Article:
As mentioned in the introductory part of this short communication, the initial idea behind the synthesis of 4 was its use for the dissolution of cellulose. Compound 4 combines several structural elements, which previously led to the successful dissolution of cellulose, namely, a carbohydrate core [18], an imidazolium moiety [17] and a hydroxide anion [15,16]. Unfortunately, similar to the previously mentioned PBu4 glucuronate and NBu4 glucuronate, 4 proved to be incapable of fully dissolving even 0.5 mass percent of microcrystalline cellulose (particle size 20 μm). However, slight differences were found in the microscopic analysis of the suspensions, which showed fewer remaining cellulose crystals in the 40% aqueous solution of 4 (Figure 3).
Due to the nature of the project, we always kept 4 as a 50% aqueous solution for our cellulose dissolution experiments. We furthermore suspected that the product will be unstable, as several other neat imidazolium-based hydroxides are [25], and hygroscopic, since this is generally common for hydroxide salts such as sodium or potassium hydroxide and was common for other similar CHILs of our recent project [26].
After drying 4 for the first time for its thermal analysis, to our surprise, we observed no initial hygroscopy. To further test this, we kept 4 in an open vial for 1 week, observing neither any hygroscopy nor any changes in the NMR (Figure 4). However, a clear deliquescence can be observed afterwards. However, this does not affect the overall stability of the product and the salt may simply be dried again.
Since the term hygroscopy describes the ad- or absorption of water molecules from air and, in the case of many salts, can be explained by the energetic profit of forming a hydration shell around the ions, we suspect that 4 has strong intramolecular interactions, thus slowing down the hygroscopic effects. For example, the hydroxide anion may be stabilized by forming hydrogen bonds with the several free OH groups of 4 while also maintaining an ion pair interaction with the imidazolium cation.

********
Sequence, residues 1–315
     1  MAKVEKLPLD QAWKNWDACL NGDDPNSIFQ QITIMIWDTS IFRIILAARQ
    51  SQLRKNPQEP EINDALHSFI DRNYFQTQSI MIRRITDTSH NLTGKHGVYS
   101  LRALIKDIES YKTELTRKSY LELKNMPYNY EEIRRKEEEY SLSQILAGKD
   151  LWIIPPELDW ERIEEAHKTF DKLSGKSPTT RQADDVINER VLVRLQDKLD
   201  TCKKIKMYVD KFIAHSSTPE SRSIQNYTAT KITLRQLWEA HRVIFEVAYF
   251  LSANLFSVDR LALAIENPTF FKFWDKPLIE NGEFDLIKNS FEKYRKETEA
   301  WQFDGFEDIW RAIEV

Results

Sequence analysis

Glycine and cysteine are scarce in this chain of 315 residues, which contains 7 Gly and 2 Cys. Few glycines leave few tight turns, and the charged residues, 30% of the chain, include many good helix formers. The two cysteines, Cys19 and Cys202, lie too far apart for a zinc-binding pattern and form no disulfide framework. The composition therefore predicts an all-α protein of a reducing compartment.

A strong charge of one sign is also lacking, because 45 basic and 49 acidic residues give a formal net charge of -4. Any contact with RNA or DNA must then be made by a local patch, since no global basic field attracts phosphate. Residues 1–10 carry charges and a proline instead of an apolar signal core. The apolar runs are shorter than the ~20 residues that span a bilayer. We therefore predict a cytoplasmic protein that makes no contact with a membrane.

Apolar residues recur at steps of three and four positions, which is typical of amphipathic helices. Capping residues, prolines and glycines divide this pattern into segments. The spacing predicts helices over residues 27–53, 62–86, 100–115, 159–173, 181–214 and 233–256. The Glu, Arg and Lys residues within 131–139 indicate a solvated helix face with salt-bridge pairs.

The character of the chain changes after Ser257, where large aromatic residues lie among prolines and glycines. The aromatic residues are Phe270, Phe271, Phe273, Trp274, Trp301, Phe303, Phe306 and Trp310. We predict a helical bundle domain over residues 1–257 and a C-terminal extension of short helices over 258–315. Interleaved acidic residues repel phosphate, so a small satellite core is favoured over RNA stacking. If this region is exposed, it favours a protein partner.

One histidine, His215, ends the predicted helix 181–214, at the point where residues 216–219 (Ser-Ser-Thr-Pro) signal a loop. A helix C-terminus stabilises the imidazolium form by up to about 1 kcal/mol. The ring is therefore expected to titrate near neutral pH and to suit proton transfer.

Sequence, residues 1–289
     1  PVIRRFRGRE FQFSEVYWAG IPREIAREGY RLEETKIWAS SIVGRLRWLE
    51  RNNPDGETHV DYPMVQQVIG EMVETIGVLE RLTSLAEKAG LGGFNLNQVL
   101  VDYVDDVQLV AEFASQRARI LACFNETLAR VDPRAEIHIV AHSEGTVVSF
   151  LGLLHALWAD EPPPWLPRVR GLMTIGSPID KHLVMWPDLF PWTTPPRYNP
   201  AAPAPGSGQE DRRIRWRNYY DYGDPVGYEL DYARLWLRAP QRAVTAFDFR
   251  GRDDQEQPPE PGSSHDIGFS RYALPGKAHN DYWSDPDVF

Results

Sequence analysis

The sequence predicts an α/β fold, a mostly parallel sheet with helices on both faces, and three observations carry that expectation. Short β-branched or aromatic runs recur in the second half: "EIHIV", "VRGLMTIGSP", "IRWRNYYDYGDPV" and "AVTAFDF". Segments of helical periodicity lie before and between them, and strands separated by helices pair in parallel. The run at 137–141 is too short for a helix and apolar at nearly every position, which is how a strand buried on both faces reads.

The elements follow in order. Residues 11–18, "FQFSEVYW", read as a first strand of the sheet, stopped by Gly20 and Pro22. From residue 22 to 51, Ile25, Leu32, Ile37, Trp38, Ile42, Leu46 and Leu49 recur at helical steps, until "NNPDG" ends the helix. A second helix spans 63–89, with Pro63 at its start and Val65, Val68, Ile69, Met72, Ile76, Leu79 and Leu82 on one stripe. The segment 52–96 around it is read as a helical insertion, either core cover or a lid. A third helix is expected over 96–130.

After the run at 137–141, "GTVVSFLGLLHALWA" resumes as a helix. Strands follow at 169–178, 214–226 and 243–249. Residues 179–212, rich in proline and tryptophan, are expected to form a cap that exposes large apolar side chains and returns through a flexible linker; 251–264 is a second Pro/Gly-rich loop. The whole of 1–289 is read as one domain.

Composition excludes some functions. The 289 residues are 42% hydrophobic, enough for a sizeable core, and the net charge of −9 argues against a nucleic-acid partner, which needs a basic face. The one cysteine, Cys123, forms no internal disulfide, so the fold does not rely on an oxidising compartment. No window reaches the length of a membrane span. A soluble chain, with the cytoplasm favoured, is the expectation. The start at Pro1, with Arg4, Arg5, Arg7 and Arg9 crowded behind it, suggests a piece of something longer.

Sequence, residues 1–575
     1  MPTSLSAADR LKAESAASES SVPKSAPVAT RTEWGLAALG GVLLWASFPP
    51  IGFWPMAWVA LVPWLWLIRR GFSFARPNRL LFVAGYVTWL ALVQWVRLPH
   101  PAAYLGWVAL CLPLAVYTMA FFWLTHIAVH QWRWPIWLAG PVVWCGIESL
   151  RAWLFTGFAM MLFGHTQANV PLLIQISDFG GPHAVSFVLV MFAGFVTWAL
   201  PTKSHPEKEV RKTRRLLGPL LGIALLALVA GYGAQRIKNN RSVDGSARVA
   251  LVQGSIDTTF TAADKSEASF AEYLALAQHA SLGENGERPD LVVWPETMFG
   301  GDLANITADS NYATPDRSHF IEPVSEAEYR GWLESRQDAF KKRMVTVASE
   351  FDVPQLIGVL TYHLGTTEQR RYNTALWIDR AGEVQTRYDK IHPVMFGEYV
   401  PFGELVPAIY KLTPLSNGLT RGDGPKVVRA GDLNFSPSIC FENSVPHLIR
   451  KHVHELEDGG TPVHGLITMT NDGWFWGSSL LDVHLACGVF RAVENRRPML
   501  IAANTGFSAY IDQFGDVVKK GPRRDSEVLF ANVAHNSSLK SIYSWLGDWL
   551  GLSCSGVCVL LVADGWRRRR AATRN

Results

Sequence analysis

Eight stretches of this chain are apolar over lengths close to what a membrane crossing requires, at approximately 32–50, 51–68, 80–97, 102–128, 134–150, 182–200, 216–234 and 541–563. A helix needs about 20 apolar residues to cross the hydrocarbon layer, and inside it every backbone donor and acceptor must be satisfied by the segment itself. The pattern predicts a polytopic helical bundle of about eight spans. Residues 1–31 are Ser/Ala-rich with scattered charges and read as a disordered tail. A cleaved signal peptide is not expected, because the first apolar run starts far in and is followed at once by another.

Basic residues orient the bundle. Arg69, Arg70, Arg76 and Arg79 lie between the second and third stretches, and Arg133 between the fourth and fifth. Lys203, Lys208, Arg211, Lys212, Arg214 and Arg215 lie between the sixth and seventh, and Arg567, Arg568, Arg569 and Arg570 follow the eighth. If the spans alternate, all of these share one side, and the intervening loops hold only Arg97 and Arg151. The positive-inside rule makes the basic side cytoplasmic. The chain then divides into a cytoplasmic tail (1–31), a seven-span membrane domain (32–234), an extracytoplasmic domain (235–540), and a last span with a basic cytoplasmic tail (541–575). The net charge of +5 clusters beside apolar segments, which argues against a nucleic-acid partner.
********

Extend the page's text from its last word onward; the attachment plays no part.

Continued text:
To furthermore prove the viability of 4 in the synthesis of new CHILs, we performed neutralization reactions of 4 with four structurally diverse natural acids: D-Glucuronic acid 5a, L-alanine 5b, trans-cinnamic acid 5c and caprylic acid 5d (Scheme 2). These reactions generally performed smoothly with 91 to 99% yield. All products were purified with an individual washing procedure, e.g., the excess of caprylic acid was removed by washing with n-heptane, while chloroform is suitable for the removal of remaining trans-cinnamic acid.
In these reactions, 4 takes on the role of an organic building block, which are organic functionalized molecules for the synthesis of structures of higher complexity. The reactive functional group is, in this case, the hydroxide anion of 4 for the easy assembly of more complex salts such as 6a–d.
It is also noteworthy that 6a is, to the best of our knowledge, the first example of a salt where both the cation and the anion are a carbohydrate.
Finally, we measured the melting and decomposition points of all 6 ionic products featured in this work (Table 1).
Out of the given products, 3, 4, 6a and 6c appear as solids at room temperature, while 6b and 6d are viscous liquids. The iodide salt 3 has the highest melting point out of the 6 products with 173 °C. This is in line with the common understanding of smaller ions leading to stronger interactions. The hydroxide salt 4, however, has no measurable melting point until its decomposition. The D-glucuronate salt 6a is only slightly above the ionic liquid definition with 106–111 °C and the trans-cinnamate salt 6c has a very low melting point of 38–40 °C. Thus, the products 6b–d can be defined as carbohydrate-based ionic liquids (CHILs).